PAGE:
Human genome

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Graphical representation of the idealized human karyotype, showing the organization of the genome into chromosomes. This drawing shows both the female (XX) and male (XY) versions of the 23rd chromosome pair.

The human genome is stored on 23 chromosome pairs in the cell nucleus and in the small mitochondrial DNA. A great deal is now known about the sequences of DNA which are on our chromosomes. What the DNA actually does is now partly known. Applying this knowledge in practice has only just begun.

The Human Genome Project (HGP) produced a reference sequence which is used worldwide in biology and medicine. Nature published the publicly funded project's report,[1] and Science published Celera's paper.[2] These papers described how the draft sequence was produced, and gave an analysis of the sequence. Improved drafts were announced in 2003 and 2005, filling in to ≈92% of the sequence.[3]

The latest project ENCODE studies the way the genes are controlled.[4][5]

The human genome contains just over 20,000 protein-coding genes, far fewer than had been expected.[6][7] In fact, only about 1.5% of the genome codes for proteins, while the rest consists of non-coding RNA genes, regulatory sequences, and introns.[8]

However, a single gene can produce a variety of proteins by means of RNA splicing. One particular Drosophila gene (DSCAM) can be alternatively spliced into 38,000 different mRNAs.[9] Each mRNA codes for a different peptide chain. Therefore the number of proteins produced is far above the number of coding genes.

With RNA splicing and post-RNA translation changes, the total number of unique human proteins may be in the low millions.[10][11]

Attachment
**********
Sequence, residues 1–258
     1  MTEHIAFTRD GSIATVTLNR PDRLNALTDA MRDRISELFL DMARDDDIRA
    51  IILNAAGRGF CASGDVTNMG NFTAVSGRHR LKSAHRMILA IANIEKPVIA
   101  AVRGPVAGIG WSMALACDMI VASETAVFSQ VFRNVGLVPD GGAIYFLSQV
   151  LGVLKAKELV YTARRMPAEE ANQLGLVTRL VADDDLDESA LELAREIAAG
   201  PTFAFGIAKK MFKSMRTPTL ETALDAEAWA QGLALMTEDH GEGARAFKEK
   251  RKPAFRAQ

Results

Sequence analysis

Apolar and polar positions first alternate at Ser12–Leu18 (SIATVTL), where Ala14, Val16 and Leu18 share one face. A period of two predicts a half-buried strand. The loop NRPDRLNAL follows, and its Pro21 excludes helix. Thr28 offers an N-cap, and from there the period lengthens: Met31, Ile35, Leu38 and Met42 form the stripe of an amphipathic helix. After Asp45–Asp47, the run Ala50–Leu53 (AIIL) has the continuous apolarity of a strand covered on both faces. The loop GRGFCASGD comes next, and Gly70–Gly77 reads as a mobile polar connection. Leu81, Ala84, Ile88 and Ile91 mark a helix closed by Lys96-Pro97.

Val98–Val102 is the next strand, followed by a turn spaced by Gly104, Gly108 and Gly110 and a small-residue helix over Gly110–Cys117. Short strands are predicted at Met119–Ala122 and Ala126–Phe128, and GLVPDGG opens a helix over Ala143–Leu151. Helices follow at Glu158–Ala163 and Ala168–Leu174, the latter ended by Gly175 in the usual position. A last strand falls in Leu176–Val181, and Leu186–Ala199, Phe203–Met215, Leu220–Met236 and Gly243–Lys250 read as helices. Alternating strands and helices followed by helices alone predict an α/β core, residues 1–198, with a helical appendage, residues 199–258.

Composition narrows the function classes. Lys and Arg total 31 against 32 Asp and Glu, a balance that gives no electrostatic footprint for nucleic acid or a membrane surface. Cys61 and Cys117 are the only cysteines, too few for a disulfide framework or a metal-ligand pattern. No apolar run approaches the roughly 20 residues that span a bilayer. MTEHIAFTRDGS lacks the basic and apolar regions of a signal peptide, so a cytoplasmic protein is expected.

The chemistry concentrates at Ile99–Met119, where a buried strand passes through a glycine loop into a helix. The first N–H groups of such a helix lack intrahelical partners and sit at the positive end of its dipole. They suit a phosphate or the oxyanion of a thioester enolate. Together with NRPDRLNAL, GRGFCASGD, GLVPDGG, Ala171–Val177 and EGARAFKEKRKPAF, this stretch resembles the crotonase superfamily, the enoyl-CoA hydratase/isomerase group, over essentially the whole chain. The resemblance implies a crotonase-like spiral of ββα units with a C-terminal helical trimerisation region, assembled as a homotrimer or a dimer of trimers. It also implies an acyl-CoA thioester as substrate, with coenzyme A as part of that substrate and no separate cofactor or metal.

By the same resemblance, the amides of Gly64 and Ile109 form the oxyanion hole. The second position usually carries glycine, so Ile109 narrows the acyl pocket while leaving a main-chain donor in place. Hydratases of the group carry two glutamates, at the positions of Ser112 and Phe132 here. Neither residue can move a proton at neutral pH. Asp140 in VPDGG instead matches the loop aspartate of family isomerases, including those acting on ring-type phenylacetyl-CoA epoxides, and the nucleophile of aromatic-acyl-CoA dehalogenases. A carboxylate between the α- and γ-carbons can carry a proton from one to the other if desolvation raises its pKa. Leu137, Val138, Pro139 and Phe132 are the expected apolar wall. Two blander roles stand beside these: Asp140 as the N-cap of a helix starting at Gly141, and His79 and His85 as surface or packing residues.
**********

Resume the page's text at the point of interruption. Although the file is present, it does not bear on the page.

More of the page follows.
The idea that most DNA is useless 'junk' is wrong. At least 80% of the genome has definite functions.[4][5][7]

Related pages[change | edit source]

References[change | edit source]

  1. International Human Genome Sequencing Consortium (2001). "Initial sequencing and analysis of the human genome" (PDF). Nature 409 (6822): 860–921. doi:10.1038/35057062. PMID 11237011. http://www.nature.com/nature/journal/v409/n6822/pdf/409860a0.pdf.
  2. Venter J.C. et al (2001). "The sequence of the human genome" (PDF). Science 291 (5507): 1304–1351. doi:10.1126/science.1058040. PMID 11181995. http://www.sciencemag.org/cgi/reprint/291/5507/1304.pdf.
  3. McElheny, Victor K. 2010. Drawing the map of life: inside the Human Genome Project. New York: Basic Books.
  4. 4.0 4.1 Maher, Brendan 2012. ENCODE: The human encyclopaedia. Nature 489 (7414) 46–48. [1]
  5. 5.0 5.1 Walsh, Fergus 2012. ENCODE: The human encyclopaedia. BBC News Sci & Environment. [2]
  6. International Human Genome Sequencing Consortium (2004). "Finishing the euchromatic sequence of the human genome.". Nature 431 (7011): 931–45. doi:10.1038/nature03001. PMID 15496913. [3]
  7. 7.0 7.1 Elizabeth Pennisi (2012). "ENCODE Project writes eulogy for junk DNA". Science 337 (6099): 1159–1160. doi:10.1126/science.337.6099.1159.
  8. International Human Genome Sequencing Consortium (2001). "Initial sequencing and analysis of the human genome". Nature 409 (6822): 860–921. doi:10.1038/35057062. PMID 11237011. [4]
  9. Schmucker D. et al (2000). "Drosophila Dscam is an axon guidance receptor exhibiting extraordinary molecular diversity". Cell 101 (6): 671–684. doi:10.1016/S0092-8674(00)80878-8. PMID 10892653.
  10. Mathial Uhlen and Fredrik Ponten (2005). "Antibody-based proteomics for human tissue profiling". Mollecular & Cellular Proteomics 4 (4): 384–393. doi:10.1074/mcp.R500009-MCP200.
  11. Ole Nørregaard Jensen (2004). "Modification-specific proteomics: characterization of post-translational modifications by mass spectrometry". Current Opinion in Chemical Biology 8 (1): 33–41. doi:10.1016/j.cbpa.2003.12.009. PMID 15036154.